Zebra Plant (Aphelandra Squarrosa) Care Guide

There are many similarities between the popular indoor prayer plant and the zebra plant, which comes from the same family (marantaceae), albeit the Calathea zebrina grows higher and can be a little trickier to manage.

Zebra Plant (Aphelandra Squarrosa) Care Guide

When offered for sale in garden centers, it is occasionally referred to as the “prayer plant,”.

The zebra plant is a tropical understory plant endemic to eastern Brazil that may grow up to 6′ tall.

It is raised as a houseplant and normally grows to a height and width of 1-2′.

The zebra plant is advised for plant parents who appreciate spending time observing their plants’ development since it has highly precise care requirements.

Here is some more information on this plant and how to care for it. 

Blooming Cycle Of A Zebra Plant

Understanding the Aphelandra zebra plant’s natural cycle is essential if you want to learn how to make it bloom.

If you’re considering buying a plant, look for one whose bracts are just starting to emerge.

Your plant will enter a semi-dormant state in the early winter.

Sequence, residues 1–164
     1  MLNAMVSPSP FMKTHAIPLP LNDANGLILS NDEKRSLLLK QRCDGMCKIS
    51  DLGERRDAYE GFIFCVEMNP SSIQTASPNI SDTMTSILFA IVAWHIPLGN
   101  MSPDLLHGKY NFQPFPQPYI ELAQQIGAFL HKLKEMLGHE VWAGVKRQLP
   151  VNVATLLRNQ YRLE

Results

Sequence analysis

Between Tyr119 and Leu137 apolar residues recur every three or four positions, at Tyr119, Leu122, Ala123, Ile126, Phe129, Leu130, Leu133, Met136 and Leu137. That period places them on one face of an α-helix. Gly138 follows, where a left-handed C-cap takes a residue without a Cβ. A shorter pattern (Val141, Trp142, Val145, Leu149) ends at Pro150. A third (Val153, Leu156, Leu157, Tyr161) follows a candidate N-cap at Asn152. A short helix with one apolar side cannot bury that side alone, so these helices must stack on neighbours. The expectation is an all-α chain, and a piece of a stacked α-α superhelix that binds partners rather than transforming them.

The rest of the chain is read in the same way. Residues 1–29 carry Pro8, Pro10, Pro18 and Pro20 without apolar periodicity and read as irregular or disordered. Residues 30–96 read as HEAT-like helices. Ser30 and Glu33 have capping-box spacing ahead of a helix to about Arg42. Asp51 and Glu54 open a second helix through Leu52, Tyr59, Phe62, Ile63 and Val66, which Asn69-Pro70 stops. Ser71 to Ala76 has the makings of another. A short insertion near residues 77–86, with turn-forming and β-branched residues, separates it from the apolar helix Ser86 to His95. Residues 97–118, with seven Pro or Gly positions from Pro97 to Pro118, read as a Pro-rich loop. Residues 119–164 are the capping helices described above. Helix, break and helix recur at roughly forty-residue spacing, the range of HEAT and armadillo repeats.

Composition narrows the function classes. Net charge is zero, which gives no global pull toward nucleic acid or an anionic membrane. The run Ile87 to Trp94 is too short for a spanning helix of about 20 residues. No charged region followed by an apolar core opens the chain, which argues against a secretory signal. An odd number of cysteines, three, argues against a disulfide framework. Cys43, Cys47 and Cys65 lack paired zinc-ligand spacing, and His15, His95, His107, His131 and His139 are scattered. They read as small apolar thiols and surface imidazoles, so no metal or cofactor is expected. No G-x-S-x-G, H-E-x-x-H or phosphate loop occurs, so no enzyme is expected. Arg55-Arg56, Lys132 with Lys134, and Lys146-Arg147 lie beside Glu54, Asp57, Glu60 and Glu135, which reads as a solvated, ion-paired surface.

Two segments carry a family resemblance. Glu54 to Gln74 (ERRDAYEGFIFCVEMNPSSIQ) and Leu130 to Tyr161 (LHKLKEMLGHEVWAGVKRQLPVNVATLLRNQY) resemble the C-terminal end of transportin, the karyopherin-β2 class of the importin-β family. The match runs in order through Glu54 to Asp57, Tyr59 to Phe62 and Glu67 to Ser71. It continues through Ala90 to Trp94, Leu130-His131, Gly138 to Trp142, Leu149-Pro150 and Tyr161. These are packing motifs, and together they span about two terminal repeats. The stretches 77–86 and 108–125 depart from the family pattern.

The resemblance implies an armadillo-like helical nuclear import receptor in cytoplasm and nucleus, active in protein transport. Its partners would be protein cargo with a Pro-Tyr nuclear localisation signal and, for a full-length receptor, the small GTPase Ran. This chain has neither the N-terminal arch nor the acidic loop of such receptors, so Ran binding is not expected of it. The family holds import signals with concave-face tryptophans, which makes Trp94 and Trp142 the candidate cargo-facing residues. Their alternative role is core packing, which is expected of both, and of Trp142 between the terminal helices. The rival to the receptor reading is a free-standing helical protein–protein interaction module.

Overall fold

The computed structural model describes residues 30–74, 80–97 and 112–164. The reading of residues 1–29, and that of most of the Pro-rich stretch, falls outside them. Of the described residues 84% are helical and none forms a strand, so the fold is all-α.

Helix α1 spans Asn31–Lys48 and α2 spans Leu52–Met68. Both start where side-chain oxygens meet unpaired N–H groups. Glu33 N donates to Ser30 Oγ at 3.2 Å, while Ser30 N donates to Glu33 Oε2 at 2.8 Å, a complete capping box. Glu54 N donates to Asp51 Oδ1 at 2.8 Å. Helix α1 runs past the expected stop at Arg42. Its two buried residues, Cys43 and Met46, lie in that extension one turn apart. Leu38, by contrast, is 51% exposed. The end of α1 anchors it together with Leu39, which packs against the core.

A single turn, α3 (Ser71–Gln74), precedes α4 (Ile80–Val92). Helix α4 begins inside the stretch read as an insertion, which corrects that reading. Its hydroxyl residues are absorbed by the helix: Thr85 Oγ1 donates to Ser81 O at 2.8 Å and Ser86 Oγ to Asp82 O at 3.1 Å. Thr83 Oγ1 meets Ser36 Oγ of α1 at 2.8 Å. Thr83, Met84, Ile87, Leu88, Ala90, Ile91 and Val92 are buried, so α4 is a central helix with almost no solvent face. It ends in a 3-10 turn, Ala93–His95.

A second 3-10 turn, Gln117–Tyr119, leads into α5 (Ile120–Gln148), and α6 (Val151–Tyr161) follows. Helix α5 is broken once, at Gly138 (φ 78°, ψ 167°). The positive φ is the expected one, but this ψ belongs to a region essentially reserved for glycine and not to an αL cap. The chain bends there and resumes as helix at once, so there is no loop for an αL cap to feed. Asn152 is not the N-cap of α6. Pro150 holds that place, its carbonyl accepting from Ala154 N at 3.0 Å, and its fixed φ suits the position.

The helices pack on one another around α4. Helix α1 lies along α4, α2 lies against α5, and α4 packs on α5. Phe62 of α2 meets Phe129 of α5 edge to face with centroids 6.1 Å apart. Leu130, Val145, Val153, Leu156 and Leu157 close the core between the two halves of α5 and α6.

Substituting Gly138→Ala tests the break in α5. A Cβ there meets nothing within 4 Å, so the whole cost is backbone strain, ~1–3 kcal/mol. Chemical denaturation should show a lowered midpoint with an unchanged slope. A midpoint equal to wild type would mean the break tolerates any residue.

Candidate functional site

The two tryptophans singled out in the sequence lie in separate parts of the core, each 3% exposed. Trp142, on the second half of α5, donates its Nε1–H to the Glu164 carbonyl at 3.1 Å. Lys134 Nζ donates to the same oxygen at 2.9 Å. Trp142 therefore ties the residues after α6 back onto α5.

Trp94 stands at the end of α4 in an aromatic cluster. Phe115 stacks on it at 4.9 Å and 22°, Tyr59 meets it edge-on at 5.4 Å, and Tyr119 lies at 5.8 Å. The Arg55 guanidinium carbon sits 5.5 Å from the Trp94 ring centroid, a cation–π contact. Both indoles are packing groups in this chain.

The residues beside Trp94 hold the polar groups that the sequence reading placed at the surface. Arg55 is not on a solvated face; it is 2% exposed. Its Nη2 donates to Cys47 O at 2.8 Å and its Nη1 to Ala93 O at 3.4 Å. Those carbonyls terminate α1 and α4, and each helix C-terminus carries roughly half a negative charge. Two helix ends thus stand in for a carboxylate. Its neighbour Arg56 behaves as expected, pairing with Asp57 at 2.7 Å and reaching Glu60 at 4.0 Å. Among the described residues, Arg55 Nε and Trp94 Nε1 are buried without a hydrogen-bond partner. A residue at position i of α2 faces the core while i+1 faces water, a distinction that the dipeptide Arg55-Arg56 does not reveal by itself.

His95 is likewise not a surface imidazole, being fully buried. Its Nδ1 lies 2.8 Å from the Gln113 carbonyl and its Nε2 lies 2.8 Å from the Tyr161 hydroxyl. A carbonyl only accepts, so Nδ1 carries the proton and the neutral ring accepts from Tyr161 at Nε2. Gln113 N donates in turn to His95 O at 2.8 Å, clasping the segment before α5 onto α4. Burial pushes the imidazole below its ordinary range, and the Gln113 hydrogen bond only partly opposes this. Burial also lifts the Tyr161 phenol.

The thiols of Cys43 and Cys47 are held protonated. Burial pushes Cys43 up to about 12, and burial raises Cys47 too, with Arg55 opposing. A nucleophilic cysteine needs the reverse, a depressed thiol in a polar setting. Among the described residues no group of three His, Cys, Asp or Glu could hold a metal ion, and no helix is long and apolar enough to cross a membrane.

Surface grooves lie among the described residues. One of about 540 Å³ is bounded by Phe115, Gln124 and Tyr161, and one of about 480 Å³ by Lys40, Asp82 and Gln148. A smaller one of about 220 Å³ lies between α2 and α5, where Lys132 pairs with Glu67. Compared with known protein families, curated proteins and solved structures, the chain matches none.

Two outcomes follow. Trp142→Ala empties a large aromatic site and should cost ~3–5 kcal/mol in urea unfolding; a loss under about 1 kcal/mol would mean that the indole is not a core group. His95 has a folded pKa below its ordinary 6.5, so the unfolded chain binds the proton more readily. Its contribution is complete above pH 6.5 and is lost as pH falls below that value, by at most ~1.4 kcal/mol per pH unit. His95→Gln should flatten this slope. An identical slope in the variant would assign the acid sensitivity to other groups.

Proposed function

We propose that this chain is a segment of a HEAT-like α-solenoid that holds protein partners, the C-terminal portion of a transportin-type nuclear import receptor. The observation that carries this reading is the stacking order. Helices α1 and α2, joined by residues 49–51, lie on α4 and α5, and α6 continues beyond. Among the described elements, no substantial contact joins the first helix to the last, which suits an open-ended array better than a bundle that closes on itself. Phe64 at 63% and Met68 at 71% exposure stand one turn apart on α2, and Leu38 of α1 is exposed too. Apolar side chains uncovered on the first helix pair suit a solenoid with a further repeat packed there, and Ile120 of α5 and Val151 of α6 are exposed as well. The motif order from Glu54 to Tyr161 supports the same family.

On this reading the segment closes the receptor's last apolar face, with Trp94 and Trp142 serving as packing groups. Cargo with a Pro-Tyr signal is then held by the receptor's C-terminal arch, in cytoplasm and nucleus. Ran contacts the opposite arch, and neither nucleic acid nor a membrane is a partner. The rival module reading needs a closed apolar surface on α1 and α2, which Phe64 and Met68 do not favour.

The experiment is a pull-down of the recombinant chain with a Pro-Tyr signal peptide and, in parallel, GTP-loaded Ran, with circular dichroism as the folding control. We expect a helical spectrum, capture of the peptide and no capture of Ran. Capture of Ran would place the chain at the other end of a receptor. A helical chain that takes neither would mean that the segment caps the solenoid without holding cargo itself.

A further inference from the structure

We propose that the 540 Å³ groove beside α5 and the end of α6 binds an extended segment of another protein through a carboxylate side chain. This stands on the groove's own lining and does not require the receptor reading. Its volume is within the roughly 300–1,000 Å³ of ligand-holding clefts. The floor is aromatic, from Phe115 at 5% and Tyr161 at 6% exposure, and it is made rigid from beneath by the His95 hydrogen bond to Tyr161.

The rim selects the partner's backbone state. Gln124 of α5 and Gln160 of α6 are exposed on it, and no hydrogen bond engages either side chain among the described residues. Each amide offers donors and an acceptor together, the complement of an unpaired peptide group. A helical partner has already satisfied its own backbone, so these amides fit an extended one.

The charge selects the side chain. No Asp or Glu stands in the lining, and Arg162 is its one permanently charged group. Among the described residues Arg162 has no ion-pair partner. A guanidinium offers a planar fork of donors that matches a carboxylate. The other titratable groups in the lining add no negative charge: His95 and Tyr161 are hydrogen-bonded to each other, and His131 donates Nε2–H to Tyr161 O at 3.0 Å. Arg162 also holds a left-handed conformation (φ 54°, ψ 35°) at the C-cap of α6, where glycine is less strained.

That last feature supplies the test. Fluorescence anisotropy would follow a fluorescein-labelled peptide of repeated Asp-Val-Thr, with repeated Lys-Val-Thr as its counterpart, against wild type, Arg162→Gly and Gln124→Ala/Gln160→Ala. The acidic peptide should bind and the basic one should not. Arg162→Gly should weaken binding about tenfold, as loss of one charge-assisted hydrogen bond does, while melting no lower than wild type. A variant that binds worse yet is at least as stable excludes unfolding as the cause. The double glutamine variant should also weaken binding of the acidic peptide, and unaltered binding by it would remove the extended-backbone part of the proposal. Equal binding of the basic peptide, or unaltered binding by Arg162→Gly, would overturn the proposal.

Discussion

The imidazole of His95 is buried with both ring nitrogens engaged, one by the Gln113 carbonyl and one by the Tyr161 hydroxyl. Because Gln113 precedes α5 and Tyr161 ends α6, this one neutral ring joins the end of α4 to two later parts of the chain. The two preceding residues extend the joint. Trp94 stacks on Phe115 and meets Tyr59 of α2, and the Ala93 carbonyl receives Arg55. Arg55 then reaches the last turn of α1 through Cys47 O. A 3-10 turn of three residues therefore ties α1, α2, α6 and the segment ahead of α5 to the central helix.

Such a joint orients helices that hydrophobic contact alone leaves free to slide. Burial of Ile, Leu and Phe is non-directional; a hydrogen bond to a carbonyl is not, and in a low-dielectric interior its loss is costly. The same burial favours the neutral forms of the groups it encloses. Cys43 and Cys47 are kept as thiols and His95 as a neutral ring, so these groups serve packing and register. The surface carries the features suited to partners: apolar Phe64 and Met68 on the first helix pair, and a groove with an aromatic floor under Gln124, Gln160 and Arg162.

Fortunately for those of us who live in colder areas, growth will be modest and the plant really prefers temperatures that are a bit lower than usual.

Water a little less regularly, but don’t let the soil get entirely dry.

You should water with a mild fertilizer solution every two weeks after you start to notice new growth in the late winter.

Move your plant to the brightest location possible after side branches appear and fresh flower heads can be seen. Water deeply.

The bracts, which have a yellow, orange, or red tint, are what bloom during the summer.

The beautiful bracts can last for months while the actual flowers pass away in a matter of days.

Once they start to wither, they should be taken off, and the plant should be pruned back to make way for fresh growth in the future.

Then the yearly cycle may start over.

The flowers have a similar appearance to other bract-type flower heads and form a cone-shaped flower head at the terminals of a stalk.

The number of stems, which is usually between two and four, determines how many flower heads are produced.

How To Care For A Aphelandra Squarrosa?

Zebra Plant (Aphelandra Squarrosa) Care Guide

Here are some of the requirements that you will need to meet in order for the zebra plant to be happy and healthy. 


The zebra plant loves to be placed in areas with medium light and no deep shadow.

The risk of soil mold and overwatering is greatly exacerbated when maintaining insufficient light since the soil must be kept generally moist.

Include a couple of hours of direct sunshine every day after fall arrives to help the plant get through its dormant phase, which lasts until the following spring.